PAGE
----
GFM Network News


The 2019 harvest on the Prairies left little to be desired, with crops still left in fields for a good number of farmers.

Speeding up crop maturity

Consider these nine factors to make sure you have time to get your crop in the bin in 2020

Last season, 2019, was a bad crop-growing season on the Canadian Prairies. There are various estimates of 10 to 25 per cent of all crops left unharvested in swaths or even still standing on cropland. Well, in that case, 75 to 90 per cent of the crop is in the bin, despite the weather. Lots […] Read more

An acre of such soil may have up to 1,000 lbs. of earthworms, 2,500 lbs. of fungi, 1,500 lbs. of bacteria and up to 1,000 lbs. of protozoa and insects — most fully active in June and July.

Understanding soil organic matter

Do you know your crop residues from your soil organic matter?

The word “organic,” just like “environmental” has become confusing over the last 20 or 30 years. Organic food for example? All the food we eat is organic (except salt or other minerals). All farming activities are environmental, but every misinformed urbanite calls him or herself an environmentalist. “Soil organic matter” is made up of a […] Read more


Those pesky pigeons

Turn your on-farm nuisance into a new hobby for the New Year

Are there any farmsteads on the Canadian Prairies that do not have a flock of circling pigeons looking for spoiled grain? Believe it or not, pigeons were the first birds to be domesticated many thousands of years ago. Worldwide, countless millions of pigeons are kept for racing, ornamentation, fun and food. There are some 310 […] Read more

A large male wild boar — which can top 600 pounds — in a rare daytime photo. The animals tend to be nocturnal.

A boaring threat to our meat production

The growing population of wild boar on the prairies threatens livestock production


People who say they have never seen wild boar should watch the ditches at dusk from Florida to Dawson Creek. I have seen them at both locations and many places in between, and more than once avoided a disastrous collision with a wild boar. Wild boar, wild swine, Sas scrofa, Eurasian wild pig or just […] Read more


Coyotes offer a credible rodent control service every day of the year.

Please do not shoot those coyotes

One man’s poison is another man’s meal. Or at least a meal for that pesky coyote


Prairie people frequently get together to shoot coyotes, often with the support of local farmers. I’m not against disposing of problem wildlife, but I fail to see any benefits from shooting coyotes. Coyotes are a major reason why we are not overrun by rabbits, jackrabbits, voles, mice, pocket gophers, rats and ground squirrels. If we […] Read more

The white thistles at the roadside and in the field near Edmonton in 2019 will either be severely weakened or they will die since they have no chlorophyll.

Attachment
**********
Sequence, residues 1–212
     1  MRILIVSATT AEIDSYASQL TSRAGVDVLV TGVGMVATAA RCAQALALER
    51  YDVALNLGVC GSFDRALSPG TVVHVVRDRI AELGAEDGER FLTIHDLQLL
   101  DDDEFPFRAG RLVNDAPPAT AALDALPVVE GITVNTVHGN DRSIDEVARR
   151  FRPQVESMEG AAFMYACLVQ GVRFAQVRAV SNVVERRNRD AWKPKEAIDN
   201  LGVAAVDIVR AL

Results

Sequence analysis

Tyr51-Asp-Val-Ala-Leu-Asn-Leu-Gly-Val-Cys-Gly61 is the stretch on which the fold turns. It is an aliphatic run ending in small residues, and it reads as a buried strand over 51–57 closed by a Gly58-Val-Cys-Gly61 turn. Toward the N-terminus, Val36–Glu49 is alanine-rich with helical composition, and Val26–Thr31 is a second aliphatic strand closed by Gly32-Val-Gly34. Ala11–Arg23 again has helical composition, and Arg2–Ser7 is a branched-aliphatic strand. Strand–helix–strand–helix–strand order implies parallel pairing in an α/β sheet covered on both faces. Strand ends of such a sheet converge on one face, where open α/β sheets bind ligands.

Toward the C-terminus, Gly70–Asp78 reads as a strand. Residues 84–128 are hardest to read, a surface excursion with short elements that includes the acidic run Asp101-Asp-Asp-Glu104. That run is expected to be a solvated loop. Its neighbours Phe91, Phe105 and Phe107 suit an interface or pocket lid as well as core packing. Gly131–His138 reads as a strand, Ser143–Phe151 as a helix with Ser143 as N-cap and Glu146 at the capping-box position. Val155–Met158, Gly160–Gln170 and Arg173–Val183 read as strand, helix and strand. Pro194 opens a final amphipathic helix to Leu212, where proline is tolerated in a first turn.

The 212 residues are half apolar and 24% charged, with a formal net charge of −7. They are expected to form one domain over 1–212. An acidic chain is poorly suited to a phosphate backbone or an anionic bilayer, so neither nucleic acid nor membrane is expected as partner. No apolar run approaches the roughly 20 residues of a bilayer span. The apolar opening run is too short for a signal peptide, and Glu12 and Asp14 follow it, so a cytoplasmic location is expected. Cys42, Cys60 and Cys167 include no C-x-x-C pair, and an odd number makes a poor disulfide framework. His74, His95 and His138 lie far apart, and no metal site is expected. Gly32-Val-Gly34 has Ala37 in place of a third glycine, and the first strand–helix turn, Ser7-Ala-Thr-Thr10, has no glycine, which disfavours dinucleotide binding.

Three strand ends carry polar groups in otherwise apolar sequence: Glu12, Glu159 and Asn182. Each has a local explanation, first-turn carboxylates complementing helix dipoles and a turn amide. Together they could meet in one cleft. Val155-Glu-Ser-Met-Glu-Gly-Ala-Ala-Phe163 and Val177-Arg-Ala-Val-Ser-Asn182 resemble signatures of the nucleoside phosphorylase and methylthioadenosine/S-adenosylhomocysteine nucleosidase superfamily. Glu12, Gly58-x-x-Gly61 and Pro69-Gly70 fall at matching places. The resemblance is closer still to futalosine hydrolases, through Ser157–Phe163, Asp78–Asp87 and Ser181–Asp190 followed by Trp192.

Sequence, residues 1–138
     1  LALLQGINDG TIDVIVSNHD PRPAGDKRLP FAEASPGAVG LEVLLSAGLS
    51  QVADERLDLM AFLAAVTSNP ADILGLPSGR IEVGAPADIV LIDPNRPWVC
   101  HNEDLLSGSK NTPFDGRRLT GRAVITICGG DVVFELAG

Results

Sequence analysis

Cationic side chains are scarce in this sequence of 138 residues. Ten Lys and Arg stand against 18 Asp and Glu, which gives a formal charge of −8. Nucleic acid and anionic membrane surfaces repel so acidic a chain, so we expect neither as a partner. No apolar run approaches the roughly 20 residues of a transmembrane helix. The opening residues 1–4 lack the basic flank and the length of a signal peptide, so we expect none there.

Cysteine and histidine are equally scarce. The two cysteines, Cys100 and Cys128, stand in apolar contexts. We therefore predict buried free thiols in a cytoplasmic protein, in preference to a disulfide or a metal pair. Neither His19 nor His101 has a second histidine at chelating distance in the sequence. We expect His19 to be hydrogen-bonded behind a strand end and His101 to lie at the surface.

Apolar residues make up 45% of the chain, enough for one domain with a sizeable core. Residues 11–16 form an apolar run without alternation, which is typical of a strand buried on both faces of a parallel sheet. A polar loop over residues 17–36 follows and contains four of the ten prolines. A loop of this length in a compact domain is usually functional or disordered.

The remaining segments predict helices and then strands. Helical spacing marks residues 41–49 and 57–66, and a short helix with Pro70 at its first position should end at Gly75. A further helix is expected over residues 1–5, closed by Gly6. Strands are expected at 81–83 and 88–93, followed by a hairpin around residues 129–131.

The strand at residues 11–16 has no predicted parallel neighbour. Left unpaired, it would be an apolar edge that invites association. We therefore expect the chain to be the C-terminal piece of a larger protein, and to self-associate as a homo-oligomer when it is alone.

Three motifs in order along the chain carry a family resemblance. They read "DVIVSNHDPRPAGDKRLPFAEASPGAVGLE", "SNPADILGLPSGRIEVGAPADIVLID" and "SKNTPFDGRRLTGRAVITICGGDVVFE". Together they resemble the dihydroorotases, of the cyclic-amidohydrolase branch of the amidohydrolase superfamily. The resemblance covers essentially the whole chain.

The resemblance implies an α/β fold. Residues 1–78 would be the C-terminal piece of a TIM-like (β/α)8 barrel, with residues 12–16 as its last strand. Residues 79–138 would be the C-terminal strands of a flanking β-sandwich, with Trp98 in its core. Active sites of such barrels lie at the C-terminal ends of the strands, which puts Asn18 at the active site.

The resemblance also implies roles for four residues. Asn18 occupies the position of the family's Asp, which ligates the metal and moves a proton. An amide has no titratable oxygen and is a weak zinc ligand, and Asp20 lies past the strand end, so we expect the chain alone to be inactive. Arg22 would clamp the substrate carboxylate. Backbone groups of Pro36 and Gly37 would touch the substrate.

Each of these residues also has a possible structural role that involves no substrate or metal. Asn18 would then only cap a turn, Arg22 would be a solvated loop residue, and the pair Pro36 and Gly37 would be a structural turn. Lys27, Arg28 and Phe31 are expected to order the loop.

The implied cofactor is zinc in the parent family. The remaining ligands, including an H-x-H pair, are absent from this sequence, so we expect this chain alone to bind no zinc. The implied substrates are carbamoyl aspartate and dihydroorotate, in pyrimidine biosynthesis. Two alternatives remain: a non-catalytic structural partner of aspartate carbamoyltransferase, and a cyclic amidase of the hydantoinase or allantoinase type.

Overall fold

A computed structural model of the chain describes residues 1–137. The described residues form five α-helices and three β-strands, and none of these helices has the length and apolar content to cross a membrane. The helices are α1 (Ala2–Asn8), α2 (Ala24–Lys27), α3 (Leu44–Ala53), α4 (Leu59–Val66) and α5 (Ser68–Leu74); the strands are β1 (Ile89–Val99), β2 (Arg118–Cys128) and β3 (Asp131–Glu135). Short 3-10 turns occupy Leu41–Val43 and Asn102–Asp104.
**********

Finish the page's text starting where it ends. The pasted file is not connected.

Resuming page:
Bleached tops means bye-bye Canada thistle

Take a look in the ditches near you. A fungus may be infecting those weeds

Canada thistle is an invasive import from Europe. It is technically called Circium arvense, a prickly member of the Aster family. In the U.K., it’s called creeping thistle; in New Zealand it’s called Californian thistle, perhaps derived from Canada thistle. Canada thistle is also known in North America by a range of other names but […] Read more


These photos, taken on August 15 just west of Edmonton, show classic copper deficiency. The field is a sandy loam soil with five to six per cent organic matter. The roadway, built about 10 years ago, has shoulders made up from deep-dug clay loam piled onto the field from the ditch. This clay loam is low in organic matter, probably one to two per cent or less, but high in available copper (see more below, including video).

Identifying copper deficiency in wheat

Ieuan Evans looks at 2019 growing conditions, including areas where copper levels are low


In early August in central Alberta I was still seeing yellow fields of canola. Honeybees and mosquitoes were having an extended nectar flowing season. I will stick my neck out as usual and make a few observations and prophecies across the Western Prairies. Crops are late in the northern part of the Western Prairies, but […] Read more

D’oh, a deer! How to protect your garden and shrubs from deer and moose

Nice to look at, but also destructive. How to keep cervids away from your property

Moose, elk and deer are members of the family Cervidae (cervids) which includes some 41 species worldwide. In Canada, we have to contend with white-tailed deer (the number one pest), moose (called elk in Europe), mule or black-tailed deer and elk (called red deer in Europe). These animals can be very destructive around farms, acreages and orchards. Here is a list of […] Read more


Why soybeans need inoculant and how some crops fix nitrogen without it

Plus, never do this with inoculant

Next to water, nitrogen is usually the most limiting nutrient in crop production. In prairie agriculture, by far the major source of fixed nitrogen for crop production is nitrogen produced industrially via the Haber process. But nitrogen fixation by legumes is also a very important economic factor in world agriculture. The nitrogen-fixing family of plants, […] Read more

The basic facts around limestone

The limestone market is worth a billion dollars annually, but invaluable for yield increases

Limestone, or calcium carbonate, CaCO3, makes up about 10 per cent of the sedimentary rocks on earth. Sometimes limestone contains appreciable amounts of magnesium. It’s then called dolomitic limestone, CaMg (CO3)2. Under pressure, limestone rock becomes metamorphosed into marble. Limestone rock is quarried in Alberta, British Columbia, Manitoba, Ontario, Nova Scotia and Newfoundland. Ontario and […] Read more